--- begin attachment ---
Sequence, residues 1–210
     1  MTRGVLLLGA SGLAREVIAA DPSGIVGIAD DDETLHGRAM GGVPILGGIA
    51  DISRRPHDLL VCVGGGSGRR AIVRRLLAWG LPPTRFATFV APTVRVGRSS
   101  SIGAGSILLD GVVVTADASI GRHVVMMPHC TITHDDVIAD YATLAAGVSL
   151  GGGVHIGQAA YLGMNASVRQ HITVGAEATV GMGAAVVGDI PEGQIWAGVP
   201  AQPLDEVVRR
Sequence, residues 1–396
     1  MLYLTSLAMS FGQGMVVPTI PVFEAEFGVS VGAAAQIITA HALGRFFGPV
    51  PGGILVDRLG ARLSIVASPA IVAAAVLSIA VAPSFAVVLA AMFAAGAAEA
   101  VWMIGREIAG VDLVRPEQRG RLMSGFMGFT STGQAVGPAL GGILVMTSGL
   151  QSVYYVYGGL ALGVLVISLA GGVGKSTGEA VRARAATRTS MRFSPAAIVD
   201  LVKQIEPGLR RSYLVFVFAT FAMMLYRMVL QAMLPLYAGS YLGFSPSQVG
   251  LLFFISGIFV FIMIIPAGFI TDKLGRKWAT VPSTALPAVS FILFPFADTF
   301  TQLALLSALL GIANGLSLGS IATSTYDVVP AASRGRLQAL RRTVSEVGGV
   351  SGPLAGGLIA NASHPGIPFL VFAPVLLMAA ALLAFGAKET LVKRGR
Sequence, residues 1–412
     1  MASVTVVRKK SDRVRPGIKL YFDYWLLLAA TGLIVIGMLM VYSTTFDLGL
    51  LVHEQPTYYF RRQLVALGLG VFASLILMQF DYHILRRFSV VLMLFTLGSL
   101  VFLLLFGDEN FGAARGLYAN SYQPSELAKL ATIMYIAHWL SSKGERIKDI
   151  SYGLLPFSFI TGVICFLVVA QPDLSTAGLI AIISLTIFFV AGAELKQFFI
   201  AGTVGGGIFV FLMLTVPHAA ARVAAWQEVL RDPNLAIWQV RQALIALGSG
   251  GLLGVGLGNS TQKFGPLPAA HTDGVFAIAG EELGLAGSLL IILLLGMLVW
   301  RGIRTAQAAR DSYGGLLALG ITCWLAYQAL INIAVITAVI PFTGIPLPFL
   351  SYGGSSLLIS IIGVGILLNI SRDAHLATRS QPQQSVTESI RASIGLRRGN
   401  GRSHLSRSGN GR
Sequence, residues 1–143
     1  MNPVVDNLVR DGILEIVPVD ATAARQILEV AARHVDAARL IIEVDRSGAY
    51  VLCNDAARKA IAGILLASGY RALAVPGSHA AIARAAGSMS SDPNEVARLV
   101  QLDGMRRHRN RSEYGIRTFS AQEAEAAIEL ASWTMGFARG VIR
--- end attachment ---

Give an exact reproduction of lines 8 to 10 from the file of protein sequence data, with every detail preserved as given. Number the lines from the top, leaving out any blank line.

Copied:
     1  MLYLTSLAMS FGQGMVVPTI PVFEAEFGVS VGAAAQIITA HALGRFFGPV
    51  PGGILVDRLG ARLSIVASPA IVAAAVLSIA VAPSFAVVLA AMFAAGAAEA
   101  VWMIGREIAG VDLVRPEQRG RLMSGFMGFT STGQAVGPAL GGILVMTSGL